Croatian journalists protest against mounting number of lawsuits

Hundreds of journalists are protesting in Zagreb against more than 1,100 lawsuits which have been filed against them, in what they say it is an attempt to undermine the freedom of the press.

The protest was organised by the Croatian Journalist Association (HND) after Croatia’s public broadcaster, HRT, filed lawsuits against its own and other journalists, seeking total damages of around 300,000 euros.

“You took over media, we won’t give up journalism,” was the primary message of the demonstrators.

“We have had enough of persecution of journalists, it has gone on for decades,” said Hrvoje Zovko, president of the HND and a former journalist and editor at HRT. “The government is behaving ignorantly and destroying journalism. We live in a country where one can be condemned for publishing true information.”

The majority of lawsuits has been filed by politicians and other public figures. Most of the time they claim compensation for non-material damages such as mental anguish or tarnished reputation.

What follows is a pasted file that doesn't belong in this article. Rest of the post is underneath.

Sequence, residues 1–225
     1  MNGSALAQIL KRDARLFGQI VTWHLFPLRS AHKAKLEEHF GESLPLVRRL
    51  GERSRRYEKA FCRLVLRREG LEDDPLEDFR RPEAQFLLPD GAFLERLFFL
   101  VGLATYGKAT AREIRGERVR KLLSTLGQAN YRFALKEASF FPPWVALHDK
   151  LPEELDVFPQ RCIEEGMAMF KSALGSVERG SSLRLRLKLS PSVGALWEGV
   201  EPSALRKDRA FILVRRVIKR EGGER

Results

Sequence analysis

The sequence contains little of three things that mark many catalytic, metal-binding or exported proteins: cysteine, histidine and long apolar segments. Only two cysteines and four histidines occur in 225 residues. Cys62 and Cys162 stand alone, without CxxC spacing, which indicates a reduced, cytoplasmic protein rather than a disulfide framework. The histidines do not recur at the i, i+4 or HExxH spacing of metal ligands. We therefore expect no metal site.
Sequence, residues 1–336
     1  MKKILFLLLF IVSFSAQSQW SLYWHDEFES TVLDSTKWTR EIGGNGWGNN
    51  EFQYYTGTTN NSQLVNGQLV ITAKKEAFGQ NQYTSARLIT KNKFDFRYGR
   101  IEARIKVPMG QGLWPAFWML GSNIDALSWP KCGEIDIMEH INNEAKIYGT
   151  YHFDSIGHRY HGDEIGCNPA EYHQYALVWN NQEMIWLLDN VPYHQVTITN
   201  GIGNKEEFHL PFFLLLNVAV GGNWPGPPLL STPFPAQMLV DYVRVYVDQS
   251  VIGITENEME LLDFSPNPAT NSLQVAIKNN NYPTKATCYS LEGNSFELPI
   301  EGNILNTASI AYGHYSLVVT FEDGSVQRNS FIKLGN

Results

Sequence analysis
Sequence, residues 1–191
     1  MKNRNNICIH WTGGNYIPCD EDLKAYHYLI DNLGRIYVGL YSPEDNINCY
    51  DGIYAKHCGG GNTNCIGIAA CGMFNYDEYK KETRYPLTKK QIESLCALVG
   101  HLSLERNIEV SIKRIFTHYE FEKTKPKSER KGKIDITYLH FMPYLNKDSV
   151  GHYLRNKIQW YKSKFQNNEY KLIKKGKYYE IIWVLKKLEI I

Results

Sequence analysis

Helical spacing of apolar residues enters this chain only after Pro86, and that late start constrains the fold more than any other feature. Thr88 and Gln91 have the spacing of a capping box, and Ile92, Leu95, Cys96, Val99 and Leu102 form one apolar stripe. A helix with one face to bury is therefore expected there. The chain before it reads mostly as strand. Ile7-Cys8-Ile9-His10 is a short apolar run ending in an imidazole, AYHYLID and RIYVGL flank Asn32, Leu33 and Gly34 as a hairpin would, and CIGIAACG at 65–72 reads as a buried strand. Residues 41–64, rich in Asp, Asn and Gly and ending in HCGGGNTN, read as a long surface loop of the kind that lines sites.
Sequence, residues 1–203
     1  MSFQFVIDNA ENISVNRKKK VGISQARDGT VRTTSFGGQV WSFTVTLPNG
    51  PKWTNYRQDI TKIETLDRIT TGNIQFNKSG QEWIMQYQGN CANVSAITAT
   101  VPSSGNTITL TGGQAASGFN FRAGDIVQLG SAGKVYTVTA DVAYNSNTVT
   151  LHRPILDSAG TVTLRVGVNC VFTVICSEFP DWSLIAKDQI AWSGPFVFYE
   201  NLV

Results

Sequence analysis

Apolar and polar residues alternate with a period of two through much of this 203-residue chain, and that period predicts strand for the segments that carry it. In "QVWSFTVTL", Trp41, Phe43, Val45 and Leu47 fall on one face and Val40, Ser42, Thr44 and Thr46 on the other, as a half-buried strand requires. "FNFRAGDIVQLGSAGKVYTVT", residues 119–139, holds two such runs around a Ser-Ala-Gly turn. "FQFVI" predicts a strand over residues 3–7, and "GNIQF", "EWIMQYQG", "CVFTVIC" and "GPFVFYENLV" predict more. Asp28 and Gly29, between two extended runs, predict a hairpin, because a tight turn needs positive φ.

According to Mr Zovko, the introduction of the offence of shaming in January 2013 has been widely abused, as there is no clear definition of what mental anguish is.

In January both the International and the European Federation of Journalists called on HRT management to drop the lawsuits against the HND and the other journalists.

At the same time, Croatian Prime Minister Andrej Plenković dismissed the accusations, recalling that the country has been upgraded to partly free by the Freedom House. He said that all the problems started when Zovko almost physically attacked the editor of the Croatian Television news department, Katarina Periša Čakarun, and sued other reporters.

“Reducing the many problems that concern the erosion and destruction of journalism to the case of Hrvoje Zovko, while also distorting the facts concerning the circumstances of Zovko’s resignation as an HRT editor, is unworthy of a prime minister,” the HND Executive Board said in a statement.

“Media and journalistic freedoms are endangered, and he does not see it. He lives in his own world in which he does not see the problems that are happening around him, what all journalists and the international public see,” Zovko added.